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Background and suggestions for celebrating Older Americans Month (originally Senior Citizens Month when it was established in 1963), “a time to acknowledge the contributions of past and current older persons to our country, in particular those who defended our country.” Features history, a list of past themes, and materials and downloads (from 2003 to the present). From the Administration on Aging, U.S. Department of Health and Human Services….
The theme for Older Americans Month 2007 is “Older Americans: Making Choices for a Healthier Future.”
I think Bethel will celebrate by not building the assisted living home again, by not passing reduced cab fares for elders, by rooting for a 20% sales tax increase for a municipal swimming pool, and mostly by not taking time out to visit the “inmates” as they call themselves “back there”, at the senior center.
I guess the AOA logo is appropriate, then, head ‘em off into the sunset.
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Published 2007 April 26
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When he started in 1930, Charles Lindbergh’s transatlantic flight was a fresh memory, Herbert Hoover was president, and the Empire State Building was under construction… Whitlock says that he has repaired around 300,000 typewriters in his career. The avocado IBM was job No. 300,001. “If you put the typewriters I’ve repaired end to end, it would take days to drive past them,” he boasts….
A 1910 Oliver is the oldest machine that Whitlock keeps in his shop today. Despite its ears, it is fairly conventional compared with other early typewriter designs. There was the Hammonia, Germany’s first writing machine, which looked like a bread-slicer. The Blickensderfer No. 5, which had keys that stuck out in all directions, making it look, in Whitlock’s words, “sort of like a centipede.” And, best of all, the Williams, which had a “grasshopper” type-action in which a jointed typebar kicked up, over, and down onto the platen roller.
Today, despite his former objections, Whitlock works mostly on electric and electronic typewriters (electrics are mechanical but run by a motor; electronics have computer chips). That’s all people bring. There isn’t any point in keeping manuals other than for decoration and company. [...]
continue reading at the Christian Science Monitor
Typist sells tradition
January 23, 2007
Lea Yu, Staff Reporter
Whitlock’s Typewriter Shop is at 272 York St. After 77 years in business, Whitlock continues to reconcile tradition with technology, catering to a new clientele of Yale and New Haven button pushers…
“William Manchester wrote all his books on typewriters and would not let anyone else touch his typewriter,” Frost said. “When Manson moved his shop, Manchester wrote a note comparing him to Leonardo [da Vinci].” … Frost, who majored in computer science at Yale, now repairs computers instead of typewriters and instructs individual offices on computer troubleshooting. He said much of his success comes from applying the valuable work ethic he acquired while watching Whitlock manage his business.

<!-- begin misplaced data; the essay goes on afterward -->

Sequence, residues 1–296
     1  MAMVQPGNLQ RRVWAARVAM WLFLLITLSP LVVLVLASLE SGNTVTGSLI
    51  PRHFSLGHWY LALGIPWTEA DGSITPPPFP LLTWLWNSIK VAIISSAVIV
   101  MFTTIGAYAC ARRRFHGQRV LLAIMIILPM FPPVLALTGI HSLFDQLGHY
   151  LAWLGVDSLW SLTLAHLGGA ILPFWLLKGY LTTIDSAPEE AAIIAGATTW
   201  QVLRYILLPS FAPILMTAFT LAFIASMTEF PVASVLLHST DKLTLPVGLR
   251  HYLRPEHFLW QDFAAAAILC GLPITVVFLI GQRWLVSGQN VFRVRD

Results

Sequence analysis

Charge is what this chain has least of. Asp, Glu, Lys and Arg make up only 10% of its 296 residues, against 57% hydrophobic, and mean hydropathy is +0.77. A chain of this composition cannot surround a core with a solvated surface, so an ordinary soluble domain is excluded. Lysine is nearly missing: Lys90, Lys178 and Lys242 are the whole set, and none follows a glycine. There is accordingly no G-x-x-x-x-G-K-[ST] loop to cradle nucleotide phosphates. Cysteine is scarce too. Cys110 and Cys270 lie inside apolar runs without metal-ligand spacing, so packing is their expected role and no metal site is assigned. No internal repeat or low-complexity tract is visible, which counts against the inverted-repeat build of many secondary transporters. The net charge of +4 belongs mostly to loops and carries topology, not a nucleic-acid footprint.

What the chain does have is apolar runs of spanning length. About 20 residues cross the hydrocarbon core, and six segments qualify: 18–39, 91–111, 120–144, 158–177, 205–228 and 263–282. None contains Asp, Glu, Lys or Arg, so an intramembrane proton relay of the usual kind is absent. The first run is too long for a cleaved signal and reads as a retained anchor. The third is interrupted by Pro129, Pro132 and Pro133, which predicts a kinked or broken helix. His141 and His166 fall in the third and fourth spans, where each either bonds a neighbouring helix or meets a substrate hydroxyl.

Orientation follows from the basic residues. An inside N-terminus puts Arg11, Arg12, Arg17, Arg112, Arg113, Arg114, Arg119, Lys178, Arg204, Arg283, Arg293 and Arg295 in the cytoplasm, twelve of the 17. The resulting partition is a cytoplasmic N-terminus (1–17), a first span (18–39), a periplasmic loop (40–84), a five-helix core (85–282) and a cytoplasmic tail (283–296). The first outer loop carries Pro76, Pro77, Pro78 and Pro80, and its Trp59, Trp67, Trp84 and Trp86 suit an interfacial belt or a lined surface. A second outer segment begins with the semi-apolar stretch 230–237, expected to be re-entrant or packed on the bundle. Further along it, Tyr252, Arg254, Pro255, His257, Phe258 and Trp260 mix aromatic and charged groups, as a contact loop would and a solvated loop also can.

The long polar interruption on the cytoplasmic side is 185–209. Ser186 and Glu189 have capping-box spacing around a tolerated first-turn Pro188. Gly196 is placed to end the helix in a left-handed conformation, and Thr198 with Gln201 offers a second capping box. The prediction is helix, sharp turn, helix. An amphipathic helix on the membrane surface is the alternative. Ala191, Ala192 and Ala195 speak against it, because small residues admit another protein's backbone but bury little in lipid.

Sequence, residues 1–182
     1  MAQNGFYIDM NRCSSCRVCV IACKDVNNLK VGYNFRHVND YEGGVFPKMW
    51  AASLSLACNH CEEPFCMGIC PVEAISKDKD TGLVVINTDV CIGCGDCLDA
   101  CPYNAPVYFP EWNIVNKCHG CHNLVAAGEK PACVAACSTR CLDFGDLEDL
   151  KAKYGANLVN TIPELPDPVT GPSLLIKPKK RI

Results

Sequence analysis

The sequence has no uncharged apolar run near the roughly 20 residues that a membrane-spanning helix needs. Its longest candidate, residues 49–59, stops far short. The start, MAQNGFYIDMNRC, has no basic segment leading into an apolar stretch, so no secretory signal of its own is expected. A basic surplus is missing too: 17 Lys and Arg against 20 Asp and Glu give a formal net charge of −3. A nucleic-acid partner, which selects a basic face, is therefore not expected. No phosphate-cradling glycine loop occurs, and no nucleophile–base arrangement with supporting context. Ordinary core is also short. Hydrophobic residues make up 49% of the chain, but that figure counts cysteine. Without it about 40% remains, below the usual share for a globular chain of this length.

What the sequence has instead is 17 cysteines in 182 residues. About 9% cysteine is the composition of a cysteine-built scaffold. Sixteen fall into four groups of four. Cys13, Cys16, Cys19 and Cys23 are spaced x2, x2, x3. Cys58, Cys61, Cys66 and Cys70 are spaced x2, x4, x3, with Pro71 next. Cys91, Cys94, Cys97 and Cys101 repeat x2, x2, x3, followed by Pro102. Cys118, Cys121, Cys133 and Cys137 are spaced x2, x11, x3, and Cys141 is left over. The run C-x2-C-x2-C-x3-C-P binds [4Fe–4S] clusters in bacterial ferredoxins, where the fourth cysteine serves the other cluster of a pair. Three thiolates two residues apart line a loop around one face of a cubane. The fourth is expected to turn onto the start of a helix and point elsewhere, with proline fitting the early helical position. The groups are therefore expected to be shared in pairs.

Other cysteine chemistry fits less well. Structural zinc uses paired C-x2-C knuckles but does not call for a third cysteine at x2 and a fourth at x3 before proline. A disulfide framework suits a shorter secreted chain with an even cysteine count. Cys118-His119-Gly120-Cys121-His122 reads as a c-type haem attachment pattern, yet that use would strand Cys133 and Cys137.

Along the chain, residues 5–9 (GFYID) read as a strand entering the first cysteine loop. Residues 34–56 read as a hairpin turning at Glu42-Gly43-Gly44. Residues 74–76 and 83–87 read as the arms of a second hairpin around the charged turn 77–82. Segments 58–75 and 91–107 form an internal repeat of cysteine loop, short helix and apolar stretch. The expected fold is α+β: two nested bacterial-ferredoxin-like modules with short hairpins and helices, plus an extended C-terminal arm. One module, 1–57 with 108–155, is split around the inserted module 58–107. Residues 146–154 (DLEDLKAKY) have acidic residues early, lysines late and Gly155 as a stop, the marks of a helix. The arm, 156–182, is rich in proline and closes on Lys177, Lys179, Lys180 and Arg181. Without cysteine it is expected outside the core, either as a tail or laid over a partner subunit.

read more [...]
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The 3rd Annual AIAN Long Term Care conference will be in Albuquerque, September 5-7, 2007. We’re still looking for presenters for IHS and Tribal Long Term Care programs. We are hoping once again to have travel stipends available for presenters through a grant from the Retirement Research Foundation.
Please take a minute and send in an abstract before April 30th [deadline] - we hope to select the presenters shortly after that deadline and offer invitations. This will give both Tribal and federal programs plenty of time to make their arrangements for travel.
Visit the conference website at http://www.aianlongtermcare.org. In addition to promising practices and model programs in LTC, we will have intensive daylong workshops on the PACE and Green House models of long term care.
Please feel free to contact me if you have any questions.
Best regards, Bruce Bruce Finke, MD Acting Chief Medical Officer Nashville Area Indian Health Service IHS Elder Health Consultant, ELDERCARE@LISTSERV.IHS.GOV
Site Search Tags: deadline, long-term+care, conference, ,NICOA
…Barbara Hillary is seventy-five, and a resident of Arverne, Queens. On April 20th, she will disembark from the Borneo ice camp, towing a fifty-pound sled and the wish to become the first African-American woman on record to set foot on the top of the world.
Hillary was a nurse for fifty-five years. “I always had dreams of travel,” she said. “But much of travel, as I saw it, was so sheeplike, so John Doe.” In 1992, she decided to take her first trip abroad, alone. (Hillary has never married, and, along with “one, Mind your own business; two, Maintain a sense of humor; and three, Tell an individual to go to hell when it’s needed,” she credits her air of youthfulness to remaining single.)
Hillary’s preparedness does not extend to the financial demands (equally rigorous) of her expedition…. Mayor Bloomberg referred me to the Department for the Aging, which sent a form letter of things I could do in the senior center,” she said. “Mister, don’t you get it? If I’m going to the North Pole, why the hell do I need a senior center?”
True North by Lauren Collins, March 26, 2007, New Yorker Magazine
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Published 2007 April 9
eldercare , funding , senior center
Brookdale Foundation Group Issues RFP for Start-Up Dementia Day Programs
Deadline: July 6, 2007
The Brookdale Foundation Group
has issued a Request For Proposals for start-up social model group respite programs for people with Alzheimer’s disease and their family caregivers.
notice from the excellent BHIC (see sidebar)
Site Search Tags: Brookdale Foundation, day programs, dementia, deadline, grants